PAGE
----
I was listening to a sports podcast yesterday as we were out for our morning walk.  They were discussing how a formerly successful coach had failed to evolve with the times and was instead stuck trying to do things that had previously made them successful.  And that wasn’t working very well for them or for their team.

So, of course, I’ve spent the day thinking about ensuring we are evolving and not stuck in a rut.  I learned some time ago that I had to be intentional about not going to my comfortable zones and challenging myself to not spend time repeating previous successes.  But now I’m contemplating these three questions:

  1. What are the best CIO’s out there doing that I should be doing (i.e., what is the state of play in our business)?  In other words, how do I ensure I am constantly modernizing my best practices?
  2. What previously successful strategies do I need to retire because they are outdated and not likely to produce the same success they did in the past?
  3. What best practices are constants that still need emphasis?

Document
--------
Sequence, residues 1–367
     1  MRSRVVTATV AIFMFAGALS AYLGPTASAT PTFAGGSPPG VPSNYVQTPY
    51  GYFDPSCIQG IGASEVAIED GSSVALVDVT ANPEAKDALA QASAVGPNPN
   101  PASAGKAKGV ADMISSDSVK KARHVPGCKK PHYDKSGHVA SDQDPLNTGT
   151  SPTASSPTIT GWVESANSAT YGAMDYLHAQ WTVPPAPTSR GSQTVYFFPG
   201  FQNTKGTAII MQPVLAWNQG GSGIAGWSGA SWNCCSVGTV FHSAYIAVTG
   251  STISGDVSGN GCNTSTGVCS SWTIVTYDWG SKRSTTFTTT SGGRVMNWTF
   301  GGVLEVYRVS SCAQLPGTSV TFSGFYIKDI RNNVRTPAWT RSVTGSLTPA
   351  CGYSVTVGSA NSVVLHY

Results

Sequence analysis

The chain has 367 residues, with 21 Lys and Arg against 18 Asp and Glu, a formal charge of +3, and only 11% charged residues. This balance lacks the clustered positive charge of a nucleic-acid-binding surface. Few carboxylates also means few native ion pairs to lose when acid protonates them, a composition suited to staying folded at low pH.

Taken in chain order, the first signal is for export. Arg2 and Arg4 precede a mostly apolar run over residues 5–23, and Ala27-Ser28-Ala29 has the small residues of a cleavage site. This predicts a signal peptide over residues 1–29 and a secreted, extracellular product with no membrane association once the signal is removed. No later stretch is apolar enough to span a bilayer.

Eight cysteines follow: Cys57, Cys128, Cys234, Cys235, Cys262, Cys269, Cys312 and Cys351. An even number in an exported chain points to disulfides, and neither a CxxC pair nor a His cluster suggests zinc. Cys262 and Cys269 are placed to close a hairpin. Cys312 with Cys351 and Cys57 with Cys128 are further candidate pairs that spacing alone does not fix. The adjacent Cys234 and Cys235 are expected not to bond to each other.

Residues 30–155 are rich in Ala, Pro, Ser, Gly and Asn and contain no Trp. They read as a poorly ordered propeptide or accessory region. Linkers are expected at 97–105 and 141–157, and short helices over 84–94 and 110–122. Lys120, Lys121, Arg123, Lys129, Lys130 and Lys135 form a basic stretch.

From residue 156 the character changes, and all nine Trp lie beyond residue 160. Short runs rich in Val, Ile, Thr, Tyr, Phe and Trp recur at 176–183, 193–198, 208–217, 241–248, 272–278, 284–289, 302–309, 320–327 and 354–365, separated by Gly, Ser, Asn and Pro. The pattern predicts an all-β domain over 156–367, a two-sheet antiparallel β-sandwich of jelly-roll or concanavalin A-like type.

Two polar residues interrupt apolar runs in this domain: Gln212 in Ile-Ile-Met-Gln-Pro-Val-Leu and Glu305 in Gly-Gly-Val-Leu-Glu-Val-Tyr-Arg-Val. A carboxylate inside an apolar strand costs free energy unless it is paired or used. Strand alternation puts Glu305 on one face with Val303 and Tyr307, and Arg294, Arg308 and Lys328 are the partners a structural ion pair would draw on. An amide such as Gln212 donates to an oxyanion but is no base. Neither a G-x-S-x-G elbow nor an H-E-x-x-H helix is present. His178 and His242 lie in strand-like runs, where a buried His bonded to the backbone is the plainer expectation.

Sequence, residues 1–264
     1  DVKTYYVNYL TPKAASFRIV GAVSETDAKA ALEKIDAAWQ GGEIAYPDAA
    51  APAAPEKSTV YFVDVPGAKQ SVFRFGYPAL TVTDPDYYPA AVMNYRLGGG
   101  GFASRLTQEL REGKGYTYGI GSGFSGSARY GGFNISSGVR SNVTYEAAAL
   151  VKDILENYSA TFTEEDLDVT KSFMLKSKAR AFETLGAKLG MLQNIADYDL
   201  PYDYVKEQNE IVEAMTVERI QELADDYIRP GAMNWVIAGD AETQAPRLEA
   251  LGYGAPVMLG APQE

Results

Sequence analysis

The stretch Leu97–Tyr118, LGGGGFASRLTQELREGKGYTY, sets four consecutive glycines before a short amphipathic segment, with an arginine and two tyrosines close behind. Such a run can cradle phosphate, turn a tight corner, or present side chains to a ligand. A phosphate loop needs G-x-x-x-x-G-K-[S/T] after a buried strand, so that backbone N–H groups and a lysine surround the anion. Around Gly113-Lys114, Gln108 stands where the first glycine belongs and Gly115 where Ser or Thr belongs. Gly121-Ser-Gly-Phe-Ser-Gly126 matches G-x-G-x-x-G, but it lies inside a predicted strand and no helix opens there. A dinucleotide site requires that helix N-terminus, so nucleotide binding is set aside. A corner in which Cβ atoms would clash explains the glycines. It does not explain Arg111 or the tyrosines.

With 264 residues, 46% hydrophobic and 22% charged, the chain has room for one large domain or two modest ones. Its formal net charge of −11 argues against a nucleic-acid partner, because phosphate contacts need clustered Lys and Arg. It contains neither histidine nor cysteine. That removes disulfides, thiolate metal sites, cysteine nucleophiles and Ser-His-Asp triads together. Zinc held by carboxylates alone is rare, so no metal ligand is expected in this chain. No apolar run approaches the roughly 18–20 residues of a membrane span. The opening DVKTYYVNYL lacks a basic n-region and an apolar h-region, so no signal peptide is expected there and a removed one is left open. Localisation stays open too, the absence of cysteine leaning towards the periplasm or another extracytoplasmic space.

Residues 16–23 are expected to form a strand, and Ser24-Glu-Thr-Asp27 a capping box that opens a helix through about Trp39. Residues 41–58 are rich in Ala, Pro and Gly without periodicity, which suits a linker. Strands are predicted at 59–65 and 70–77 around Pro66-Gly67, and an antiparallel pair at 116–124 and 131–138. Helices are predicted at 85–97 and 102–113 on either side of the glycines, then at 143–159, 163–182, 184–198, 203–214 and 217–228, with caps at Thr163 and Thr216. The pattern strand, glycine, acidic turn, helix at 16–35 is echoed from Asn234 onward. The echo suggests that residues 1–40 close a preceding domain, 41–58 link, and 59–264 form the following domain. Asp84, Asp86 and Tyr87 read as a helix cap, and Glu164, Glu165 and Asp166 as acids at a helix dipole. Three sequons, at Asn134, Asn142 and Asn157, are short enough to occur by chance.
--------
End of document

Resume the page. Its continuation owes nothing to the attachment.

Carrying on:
I hesitate to talk about these as a CIO2Do because this is pretty personal work.  We all need to find ways to keep our game sharp and to make our best contributions and we probably are all somewhat blinded by past successes.

One of my favorite stories illustrates this point.  I used to tell this story as an insight into different organizational cultures. At one job, based on employee input, I procured very nice high-walled cubicles for a team that saw itself as heads down developers.  They asked for an environment that let them concentrate and permission to use chat tools to collaborate.  When I arrived at my next job and tried to run that same play from my playbook, I was shocked that my team was deeply upset by the proposed new environment until I realized they wanted an environment where they could collaborate face to face and saw the cubicles as a disruptive negative.  The leadership insight I took from that experience was that even the best intentions are only successful when aligned to a great understanding of organizational culture.

Through the lens of evolution, I’d re-assess that lesson to say that I should not have even tried to replicate the cubicle strategy because it had been successful earlier in my career.  I’d also say the constant values – listening to the employee needs and trying to meet them would not ever go out of best practice and that is where to start when trying to improve the environment for your team.  Of course in the new remote work world, this could be a powerful insight into helping build an environment where your team feels valued and empowered to be successful.